With all the brouhaha going around regarding income and wealth inequality, the question that is rarely asked is why inequality is something to abhor. As I wrote last November, whether inequality is a bad thing is not the right question – what matters more is your standard of living.
Imagine that you earn $40,000 a year and your boss doubles you at $80,000 a year. Business was good to you both in 2013, and you received a 25% raise for your efforts. Not bad, and your boss gets to share in this good fortune too with an extra $25,000 (about 30%). You’re going to make $50,000 in 2014 and your boss will pull in $105,000.
Are you happy with this deal? Probably. But wait, income inequality just increased! Your boss originally outpaced you by 100%, but now his salary is 110% higher than yours.
We can reverse the example and try to eradicate this new found inequality from the system:
Instead of having a great year, imagine things were very bad and salary cuts are going around. You get a 25% pay cut so that you will now be earning $30,000 a year, and because he has more responsibility about the direction of the business and its lack of success, your boss gets a larger pay cut of $25,000. (This situation is the mirror image of the first example.)
You are making much less than you did last year. Are you upset about this? Probably. But wait, apparently there is a silver lining. Your boss now “only” makes about 80% more money than you, versus the 100% salary differential that existed last year. Income inequality decreased!
Maybe all the hullabaloo over whether inequality is on the rise is an answer to the wrong question. Still, in the back of most people’s minds there exists the notion that some forms of inequality are worse than others. No one likes someone who doesn’t play by the rules, and the thought of unearned or unwarranted wealth seems to be what has people upset.
Thomas Piketty thinks that the growing divide between the haves and the have nots is caused by a lack of educational opportunities, a too low minimum wage and an insufficiently progressive income (and wealth) tax system. That could be, but I can’t fathom how the period of time that he considers the wealth divide to be growing has done so in light of the fact that the Western world has 1) more educated citizens and more opportunities for education than ever in history, 2) a minimum wage which even adjusted for inflation is quite high by historical standards, and 3) a highly progressive tax system for at least 99% of the population.
Maybe the answer is much easier. After all, his central thesis that the wealth divide has grown since the mid-1970s. This is easy to reconcile with much research that shows that income inequality has grown over this same period.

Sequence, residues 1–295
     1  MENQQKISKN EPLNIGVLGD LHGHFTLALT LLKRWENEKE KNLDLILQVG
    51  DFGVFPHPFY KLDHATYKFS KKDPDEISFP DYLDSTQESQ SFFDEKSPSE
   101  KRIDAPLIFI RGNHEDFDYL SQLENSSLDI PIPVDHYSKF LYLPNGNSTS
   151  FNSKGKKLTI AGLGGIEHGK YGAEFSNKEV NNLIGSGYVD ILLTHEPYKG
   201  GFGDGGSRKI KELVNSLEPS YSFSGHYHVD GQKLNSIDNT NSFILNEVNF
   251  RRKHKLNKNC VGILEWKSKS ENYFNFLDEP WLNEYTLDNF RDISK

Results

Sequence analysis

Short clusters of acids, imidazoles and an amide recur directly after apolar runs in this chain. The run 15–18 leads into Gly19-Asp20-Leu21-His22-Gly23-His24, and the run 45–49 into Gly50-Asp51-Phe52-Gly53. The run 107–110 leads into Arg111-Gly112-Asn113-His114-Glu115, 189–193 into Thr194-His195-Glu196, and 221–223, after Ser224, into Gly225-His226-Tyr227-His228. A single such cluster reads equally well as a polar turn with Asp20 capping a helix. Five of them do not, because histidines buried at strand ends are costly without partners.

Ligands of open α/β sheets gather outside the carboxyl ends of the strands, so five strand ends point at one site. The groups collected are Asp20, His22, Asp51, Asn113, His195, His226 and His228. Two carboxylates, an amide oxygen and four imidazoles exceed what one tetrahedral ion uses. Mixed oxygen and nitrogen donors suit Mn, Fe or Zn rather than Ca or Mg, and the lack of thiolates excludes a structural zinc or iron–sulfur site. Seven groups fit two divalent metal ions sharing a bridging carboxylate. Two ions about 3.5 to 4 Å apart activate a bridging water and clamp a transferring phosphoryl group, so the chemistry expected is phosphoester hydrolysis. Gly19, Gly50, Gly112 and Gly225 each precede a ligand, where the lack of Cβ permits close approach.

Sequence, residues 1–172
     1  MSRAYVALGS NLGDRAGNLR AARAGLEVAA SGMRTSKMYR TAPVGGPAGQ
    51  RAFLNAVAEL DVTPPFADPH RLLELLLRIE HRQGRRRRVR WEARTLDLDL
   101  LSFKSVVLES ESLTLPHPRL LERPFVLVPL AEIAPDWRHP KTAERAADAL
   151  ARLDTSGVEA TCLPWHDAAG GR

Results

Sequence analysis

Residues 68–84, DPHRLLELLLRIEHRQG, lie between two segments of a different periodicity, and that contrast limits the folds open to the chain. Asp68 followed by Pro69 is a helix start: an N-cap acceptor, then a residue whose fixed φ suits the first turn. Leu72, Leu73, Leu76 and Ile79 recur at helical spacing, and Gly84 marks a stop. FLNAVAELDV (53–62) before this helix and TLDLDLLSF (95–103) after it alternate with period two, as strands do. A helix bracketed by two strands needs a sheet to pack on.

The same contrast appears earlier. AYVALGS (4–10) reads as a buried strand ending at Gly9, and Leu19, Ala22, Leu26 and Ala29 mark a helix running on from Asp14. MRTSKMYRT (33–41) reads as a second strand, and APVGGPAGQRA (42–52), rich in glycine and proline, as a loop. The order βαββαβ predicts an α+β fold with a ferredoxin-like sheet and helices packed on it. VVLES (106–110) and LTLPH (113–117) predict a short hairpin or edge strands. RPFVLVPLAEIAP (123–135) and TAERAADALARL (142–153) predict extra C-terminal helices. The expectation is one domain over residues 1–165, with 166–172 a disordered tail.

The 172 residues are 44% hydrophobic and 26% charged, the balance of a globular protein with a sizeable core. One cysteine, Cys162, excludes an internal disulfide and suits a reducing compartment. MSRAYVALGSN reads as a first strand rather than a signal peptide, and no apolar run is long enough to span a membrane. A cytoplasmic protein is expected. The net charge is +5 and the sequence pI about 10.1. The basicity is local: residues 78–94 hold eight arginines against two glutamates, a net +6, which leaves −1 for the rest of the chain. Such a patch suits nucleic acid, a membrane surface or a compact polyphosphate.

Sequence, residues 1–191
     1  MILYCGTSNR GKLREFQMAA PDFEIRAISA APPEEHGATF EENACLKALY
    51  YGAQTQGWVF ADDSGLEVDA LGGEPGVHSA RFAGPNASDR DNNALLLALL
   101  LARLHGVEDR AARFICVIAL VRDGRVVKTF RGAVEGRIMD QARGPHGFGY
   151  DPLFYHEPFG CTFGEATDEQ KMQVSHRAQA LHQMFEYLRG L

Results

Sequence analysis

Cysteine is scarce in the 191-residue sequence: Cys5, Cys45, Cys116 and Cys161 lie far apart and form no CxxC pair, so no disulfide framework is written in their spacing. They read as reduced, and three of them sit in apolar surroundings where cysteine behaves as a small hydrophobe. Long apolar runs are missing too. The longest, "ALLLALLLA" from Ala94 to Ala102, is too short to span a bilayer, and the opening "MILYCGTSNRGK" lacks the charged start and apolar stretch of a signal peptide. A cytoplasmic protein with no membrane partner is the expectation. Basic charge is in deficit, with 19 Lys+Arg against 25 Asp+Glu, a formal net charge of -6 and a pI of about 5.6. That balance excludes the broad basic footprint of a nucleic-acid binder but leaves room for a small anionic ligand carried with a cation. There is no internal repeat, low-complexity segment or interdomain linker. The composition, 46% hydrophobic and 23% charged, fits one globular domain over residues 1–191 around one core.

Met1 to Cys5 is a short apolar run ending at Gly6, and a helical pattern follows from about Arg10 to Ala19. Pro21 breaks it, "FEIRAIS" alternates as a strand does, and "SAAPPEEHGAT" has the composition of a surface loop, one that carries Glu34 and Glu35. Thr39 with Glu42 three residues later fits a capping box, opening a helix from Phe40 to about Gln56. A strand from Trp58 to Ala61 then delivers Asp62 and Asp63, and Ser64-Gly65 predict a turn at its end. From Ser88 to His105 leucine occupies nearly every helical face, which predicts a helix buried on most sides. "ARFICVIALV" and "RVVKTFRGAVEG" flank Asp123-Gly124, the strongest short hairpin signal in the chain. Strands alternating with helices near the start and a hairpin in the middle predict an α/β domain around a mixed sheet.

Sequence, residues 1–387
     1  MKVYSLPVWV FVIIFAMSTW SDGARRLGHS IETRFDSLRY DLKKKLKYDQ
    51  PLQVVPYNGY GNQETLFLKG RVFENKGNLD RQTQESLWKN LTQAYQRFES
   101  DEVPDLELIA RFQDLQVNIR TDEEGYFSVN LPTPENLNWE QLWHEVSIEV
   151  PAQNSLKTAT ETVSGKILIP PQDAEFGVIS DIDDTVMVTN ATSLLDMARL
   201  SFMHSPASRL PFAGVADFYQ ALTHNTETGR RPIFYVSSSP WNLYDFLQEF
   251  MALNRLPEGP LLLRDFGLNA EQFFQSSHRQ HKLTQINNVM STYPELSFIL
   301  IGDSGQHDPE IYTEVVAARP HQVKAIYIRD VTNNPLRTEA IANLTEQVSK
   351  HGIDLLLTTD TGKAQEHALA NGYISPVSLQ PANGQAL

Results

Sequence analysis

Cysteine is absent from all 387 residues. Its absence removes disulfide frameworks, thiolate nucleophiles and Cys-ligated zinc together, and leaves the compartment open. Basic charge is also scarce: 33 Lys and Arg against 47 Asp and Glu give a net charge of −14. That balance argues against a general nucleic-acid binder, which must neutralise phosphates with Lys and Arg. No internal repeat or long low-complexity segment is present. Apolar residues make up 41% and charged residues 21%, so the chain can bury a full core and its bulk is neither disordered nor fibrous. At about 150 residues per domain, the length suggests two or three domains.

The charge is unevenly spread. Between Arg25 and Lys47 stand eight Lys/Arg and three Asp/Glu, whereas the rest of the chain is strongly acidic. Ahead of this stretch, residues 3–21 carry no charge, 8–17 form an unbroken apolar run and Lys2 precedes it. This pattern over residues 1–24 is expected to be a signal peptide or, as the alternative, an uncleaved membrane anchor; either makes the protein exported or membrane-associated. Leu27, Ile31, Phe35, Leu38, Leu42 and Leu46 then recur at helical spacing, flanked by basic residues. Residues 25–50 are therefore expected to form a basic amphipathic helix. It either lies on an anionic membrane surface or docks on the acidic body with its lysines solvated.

As I’ve wrote about before, the bottom 99% of income earners performed very well until 1973. That was the fateful year that the 1% surged ahead and never looked back.
What happened in the early 1970s to explain the divergence? Maybe it was the end of the Bretton Woods system, and with it any nominal restraint on the Federal Reserve (and other central banks) to inflate at will.
When Austrian economists talk about “non-neutral” money, income inequality is, in a way, illustrative of their point. New money has to enter the economy somewhere. Someone has to spend it. Those who get early access to central- and bank-created money get to spend it first. That has the effect of pushing up prices, and in the process impoverishing everyone else.
Since late 2008, the Federal Reserve increased the monetary base by over $3 trillion dollars (about a 350% increase). That’s almost $10,000 for every man, woman and child in the United States. Do you remember receiving a cheque in the mail signed by Ben Bernanke or Janet Yellen? Don’t worry, I didn’t get one either.
But someone did. The financial system serves as the intermediary between the central bank and the business and consumer communities. It distributes the money created at the whim of the central bank. It is also in a position to buy assets at the old prices with the newly issued money and in the process push their prices up so that the rest of us have to dig deeper into our pockets to make ends meet.
If you’re worried about income or wealth inequality, why not go to the most obvious source. End central banking and take the unearned advantage away from the financial sector that everyone seems to be pointing the finger at anyway.
David Howden is Chair of the Department of Business and Economics, and professor of economics at St. Louis University, at its Madrid Campus, Academic Vice President of the Ludwig von Mises Institute of Canada, and winner of the Mises Institute’s Douglas E. French Prize. Send him mail.